Leopold-Mozart-Werkverzeichnis (LMV)

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REFERENCE Leopold-Mozart-Werkverzeichnis (LMV). By CliffEisen, with assistance from Christian Broy. (Beiträge zur Leopold-Mozart-Forschung, vol. 4.) Augs burg: Wißner, 2010. [271 p. ISBN 9783896397577. i49,80.] Music examples, illustrations.

Leopold Mozart is both one of the most familiar and one of the least known figures in music history. He is familiar through the life and career of his son, and through the extensive correspondence that lays bare the family drama that unfolded as Wolf - gang was growing up. But apart from a couple of trivial works, he until recently remained relatively unknown as a musician and composer.

The correspondence and other documentary records of the Mozart family show Leopold to have been a complex and ambiguous figure. Well educated for his times, he could be arrogant, suspicious, mercenary, and self-pitying, but he was also in his way a loving father and husband, a keen observer of his world, a gifted musician and teacher, and above all a conscientious and thoughtful guide for his phenomenal children. With such a complex personality, it is no surprise that Leopold has been a target for historians, or that his reputation has changed drastically over time. Already in the early twentieth century, Hermann Abert described this phenomenon when he wrote:

In their desire to idealize everything to do with their hero, most older biographers, headed by Jahn, turned [Leopold] into the ideal father of a youthful genius, painting a romantic portrait of his character that does not correspond to the facts. More recently, the pendulum has swung too far in the other direction, and the venerable patriarch has had to make way for a figure whose character is made up, in the main, of weaknesses such a pedantry, obstinacy, vanity, envy and petty bourgeois complacency, with the result that Leopold now seems very much to have been his son's nemesis. This curious volte-face merely proves how hard it is to remain objective towards the fathers of great men. (W. A. Mozart, trans. Steward Spencer, ed. CliffEisen [New Haven: Yale University Press, 2007], 6.)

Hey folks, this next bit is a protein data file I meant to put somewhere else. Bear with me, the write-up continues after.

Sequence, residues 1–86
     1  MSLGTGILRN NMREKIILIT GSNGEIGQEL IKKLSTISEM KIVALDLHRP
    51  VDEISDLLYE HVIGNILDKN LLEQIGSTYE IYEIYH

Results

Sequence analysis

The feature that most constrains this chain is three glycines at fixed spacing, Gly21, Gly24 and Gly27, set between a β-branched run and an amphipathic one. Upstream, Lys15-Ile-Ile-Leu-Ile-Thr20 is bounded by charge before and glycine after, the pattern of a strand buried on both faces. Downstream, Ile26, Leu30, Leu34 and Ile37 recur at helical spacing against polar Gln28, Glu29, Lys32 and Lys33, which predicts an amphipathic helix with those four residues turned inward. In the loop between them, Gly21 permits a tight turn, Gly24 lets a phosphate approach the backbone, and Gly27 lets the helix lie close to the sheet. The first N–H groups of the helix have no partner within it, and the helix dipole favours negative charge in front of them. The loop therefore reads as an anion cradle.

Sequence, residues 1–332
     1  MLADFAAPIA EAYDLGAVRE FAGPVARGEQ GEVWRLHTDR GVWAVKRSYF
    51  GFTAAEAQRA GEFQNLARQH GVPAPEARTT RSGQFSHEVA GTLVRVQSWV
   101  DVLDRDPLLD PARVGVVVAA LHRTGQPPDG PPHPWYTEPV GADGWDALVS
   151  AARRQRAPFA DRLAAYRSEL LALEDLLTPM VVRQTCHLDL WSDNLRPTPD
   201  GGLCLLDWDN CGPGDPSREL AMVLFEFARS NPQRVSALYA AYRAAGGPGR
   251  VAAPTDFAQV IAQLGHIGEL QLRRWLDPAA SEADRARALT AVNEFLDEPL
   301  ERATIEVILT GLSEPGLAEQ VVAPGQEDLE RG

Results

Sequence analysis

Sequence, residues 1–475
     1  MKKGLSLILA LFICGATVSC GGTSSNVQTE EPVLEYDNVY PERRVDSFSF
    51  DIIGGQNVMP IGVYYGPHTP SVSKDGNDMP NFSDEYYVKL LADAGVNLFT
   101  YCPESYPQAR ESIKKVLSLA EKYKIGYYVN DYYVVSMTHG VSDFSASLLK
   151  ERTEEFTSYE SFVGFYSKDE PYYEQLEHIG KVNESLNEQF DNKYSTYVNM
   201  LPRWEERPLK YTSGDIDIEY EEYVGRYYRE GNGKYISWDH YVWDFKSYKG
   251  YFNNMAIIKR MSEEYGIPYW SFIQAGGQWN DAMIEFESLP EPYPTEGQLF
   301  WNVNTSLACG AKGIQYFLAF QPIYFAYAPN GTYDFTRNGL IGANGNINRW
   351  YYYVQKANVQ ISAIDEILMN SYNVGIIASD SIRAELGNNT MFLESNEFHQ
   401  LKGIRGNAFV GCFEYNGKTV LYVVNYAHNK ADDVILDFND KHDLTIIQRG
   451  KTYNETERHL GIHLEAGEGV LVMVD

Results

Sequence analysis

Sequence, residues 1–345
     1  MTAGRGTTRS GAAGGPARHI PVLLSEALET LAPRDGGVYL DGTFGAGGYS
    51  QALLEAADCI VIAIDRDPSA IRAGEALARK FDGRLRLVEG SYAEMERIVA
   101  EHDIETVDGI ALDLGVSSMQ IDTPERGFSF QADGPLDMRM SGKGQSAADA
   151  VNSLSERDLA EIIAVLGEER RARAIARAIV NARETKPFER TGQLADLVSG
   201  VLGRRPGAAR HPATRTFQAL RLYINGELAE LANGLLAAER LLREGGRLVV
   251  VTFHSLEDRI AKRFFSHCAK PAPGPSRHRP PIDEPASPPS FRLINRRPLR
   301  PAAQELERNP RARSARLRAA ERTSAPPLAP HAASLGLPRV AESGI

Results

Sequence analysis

Abert's "curious volte-face" was perfectly expressed in a single sentence written in 1913 by Edward J. Dent: "Leopold Mozart, although always held up to admiration as the most devoted of fathers, has a very repellant side to his character" (Mozart's Operas: A Critical Study, 2d ed. [London: Oxford University Press, 1960], 14). From Dent on, negative appraisals of Leopold's character remained the norm throughout the twentieth century, reaching an extreme in Maynard Solomon's psycho-biography of the son with its references to Leopold's "erotically tinged drive to dominate," his "irrational moments," and "the depth of his delusions." (Mozart: A Life [New York: Harper Collins, 1995], 11, 214, and 215).

Of course, such negativity is partly a result of regarding Leopold only in the context of Wolfgang's life and career. To see any father through the eyes of a son trying to break free of the family is to see the "irrational moments" and the "repellant side of his character." But Leopold was not only Wolfgang's father; he was a musician of talent, an accomplished teacher, and the author of one of the most important pedagogical treatises of the eighteenth century, the Versuch einer gründlichen Violinschule. Thus it is a welcome development that more scholarship has been devoted to Leopold himself in recent decades, and it may not be a coincidence that a more balanced appraisal of his character has emerged at the same time, notably in Ruth Halliwell's The Mozart Family: Four Lives in a Social Context (Oxford: Clarendon Press, 1998).

CliffEisen is one of the scholars who have devoted serious study to Leopold's life and works, from his 1986 dissertation on the symphonies ("The Symphonies of Leopold Mozart and their Relationship to the Early Symphonies of Wolfgang Ama - deus Mozart: A Bibliographical and Stylistic Study" [Ph.D. diss., Cornell University]) to more recent research and published articles (see the bibliography on p. …